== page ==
This article was published on November 21, 2019

How healthcare apps are helping drug users transition from addiction to recovery

How healthcare apps are helping drug users transition from addiction to recovery

As a society, we are faced with many challenges, and it’s no secret that one of the more prevalent is that of substance abuse. Amongst the most dangerous and holistically destructive of these behaviors, affecting multiple facets of our social landscape from individual health and wellbeing to pressure on already strained infrastructure, is opioid addiction. It’s an issue that has become so concerning that in 2018, the FDA presented an innovation challenge to technology developers to help address its prevention and treatment. 

Historically, our reactions to this issue have not been particularly subtle—from the blunt changes in legislation to forced rehabilitation as part of sentencing. More recently, we’ve committed to engaging in a deeper understanding and treatment of the personal aspects of addiction, finding solutions that treat the root causes, while encouraging the maintenance of healthy lifestyle changes throughout recovery. As we have taken greater care to treat the person with the addiction, we have also found more useful and effective approaches to the issue as a whole, including the recognition that the addict must be helped to help themselves.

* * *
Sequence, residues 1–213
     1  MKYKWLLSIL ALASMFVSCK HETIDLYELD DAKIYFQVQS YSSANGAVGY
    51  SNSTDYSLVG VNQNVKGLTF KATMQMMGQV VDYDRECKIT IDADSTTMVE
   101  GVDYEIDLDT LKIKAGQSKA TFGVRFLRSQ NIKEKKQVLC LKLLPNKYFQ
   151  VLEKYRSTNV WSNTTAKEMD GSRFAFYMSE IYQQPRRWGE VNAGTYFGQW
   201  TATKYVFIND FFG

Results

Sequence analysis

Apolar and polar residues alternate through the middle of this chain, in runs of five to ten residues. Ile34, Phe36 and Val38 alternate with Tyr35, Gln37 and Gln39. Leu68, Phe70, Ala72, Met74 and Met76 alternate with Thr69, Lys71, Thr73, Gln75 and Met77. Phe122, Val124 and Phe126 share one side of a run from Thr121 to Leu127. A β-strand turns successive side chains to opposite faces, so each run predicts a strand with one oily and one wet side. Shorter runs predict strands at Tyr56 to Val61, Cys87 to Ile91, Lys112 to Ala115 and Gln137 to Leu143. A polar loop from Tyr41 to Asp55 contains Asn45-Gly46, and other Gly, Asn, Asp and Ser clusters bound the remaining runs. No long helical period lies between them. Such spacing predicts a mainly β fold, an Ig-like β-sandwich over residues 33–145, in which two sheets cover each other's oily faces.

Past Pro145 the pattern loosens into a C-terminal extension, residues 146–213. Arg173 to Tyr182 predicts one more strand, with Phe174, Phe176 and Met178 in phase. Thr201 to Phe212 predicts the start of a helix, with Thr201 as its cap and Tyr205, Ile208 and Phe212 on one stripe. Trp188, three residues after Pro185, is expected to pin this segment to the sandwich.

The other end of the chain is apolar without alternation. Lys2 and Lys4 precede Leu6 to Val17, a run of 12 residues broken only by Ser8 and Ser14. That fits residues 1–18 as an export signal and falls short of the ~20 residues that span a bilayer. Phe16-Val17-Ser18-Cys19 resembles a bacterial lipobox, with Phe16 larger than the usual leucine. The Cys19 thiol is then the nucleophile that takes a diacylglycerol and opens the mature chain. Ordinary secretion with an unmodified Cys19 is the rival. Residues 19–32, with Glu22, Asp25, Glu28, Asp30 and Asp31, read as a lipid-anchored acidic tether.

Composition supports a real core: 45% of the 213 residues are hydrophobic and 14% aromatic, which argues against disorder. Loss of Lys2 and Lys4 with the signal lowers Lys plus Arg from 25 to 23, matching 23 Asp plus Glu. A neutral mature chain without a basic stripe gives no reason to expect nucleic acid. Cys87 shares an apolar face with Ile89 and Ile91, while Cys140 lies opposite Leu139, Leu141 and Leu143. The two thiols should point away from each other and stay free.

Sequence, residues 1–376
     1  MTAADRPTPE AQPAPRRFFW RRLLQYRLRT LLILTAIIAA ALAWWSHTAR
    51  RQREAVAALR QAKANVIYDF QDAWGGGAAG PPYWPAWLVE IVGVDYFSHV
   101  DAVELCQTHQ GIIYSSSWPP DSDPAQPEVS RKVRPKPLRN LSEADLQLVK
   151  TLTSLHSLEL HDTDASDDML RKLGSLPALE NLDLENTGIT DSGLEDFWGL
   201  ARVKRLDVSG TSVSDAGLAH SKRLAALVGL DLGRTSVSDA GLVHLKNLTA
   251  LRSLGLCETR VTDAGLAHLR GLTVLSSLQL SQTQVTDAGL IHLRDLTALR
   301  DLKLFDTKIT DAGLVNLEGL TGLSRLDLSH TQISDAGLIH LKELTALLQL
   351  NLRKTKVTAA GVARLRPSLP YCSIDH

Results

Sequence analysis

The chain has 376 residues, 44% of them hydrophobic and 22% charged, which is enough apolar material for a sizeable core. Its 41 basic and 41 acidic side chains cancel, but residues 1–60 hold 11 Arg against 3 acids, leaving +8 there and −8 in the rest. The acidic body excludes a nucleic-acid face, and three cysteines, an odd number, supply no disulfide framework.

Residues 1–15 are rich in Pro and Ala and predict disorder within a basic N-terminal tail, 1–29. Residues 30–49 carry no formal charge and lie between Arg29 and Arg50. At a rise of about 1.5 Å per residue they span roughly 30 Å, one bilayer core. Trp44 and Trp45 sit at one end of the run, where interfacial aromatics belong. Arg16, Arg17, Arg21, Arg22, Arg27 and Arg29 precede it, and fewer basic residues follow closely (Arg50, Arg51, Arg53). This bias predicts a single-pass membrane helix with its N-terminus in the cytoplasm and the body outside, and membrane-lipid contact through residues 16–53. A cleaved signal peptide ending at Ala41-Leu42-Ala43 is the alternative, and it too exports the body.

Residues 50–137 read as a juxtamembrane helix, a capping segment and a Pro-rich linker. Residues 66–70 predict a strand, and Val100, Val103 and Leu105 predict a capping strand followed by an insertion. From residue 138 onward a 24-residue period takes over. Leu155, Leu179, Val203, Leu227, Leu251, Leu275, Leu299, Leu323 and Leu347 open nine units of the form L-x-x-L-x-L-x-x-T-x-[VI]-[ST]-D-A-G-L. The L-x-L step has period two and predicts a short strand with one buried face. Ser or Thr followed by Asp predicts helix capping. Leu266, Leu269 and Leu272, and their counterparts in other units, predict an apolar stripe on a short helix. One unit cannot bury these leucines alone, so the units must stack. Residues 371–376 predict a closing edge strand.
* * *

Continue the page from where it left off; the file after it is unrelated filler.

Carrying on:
During the last decades, where technology has become more integrated into our lives, it’s become clear that this can offer an additional tool in assisting addicts. According to Brandon Bergman, associate director of the Recovery Research Institute at Harvard Medical School, 11 percent of adults who have resolved their substance abuse issues have done so utilizing online technology specifically related to addiction. As we continue to enhance our general lifestyles through artificial intelligence and the internet of things (IoT), including their integration into our healthcare systems, so too are we uncovering new opportunities to help the vulnerable among us.

Initial access to help

One of the most difficult aspects for anybody experiencing addiction, beyond that first acknowledgment of the problem, is the accessibility of help. Modern expertise leans toward addiction being a disease, recognizing that it can change the structure and functioning of the brain, which makes it particularly difficult for an addict to overcome without some form of professional assistance.

Access to treatment can be taxing on the patient’s physical, mental, emotional, and financial resources, but there are resources available to help them navigate these particular hurdles.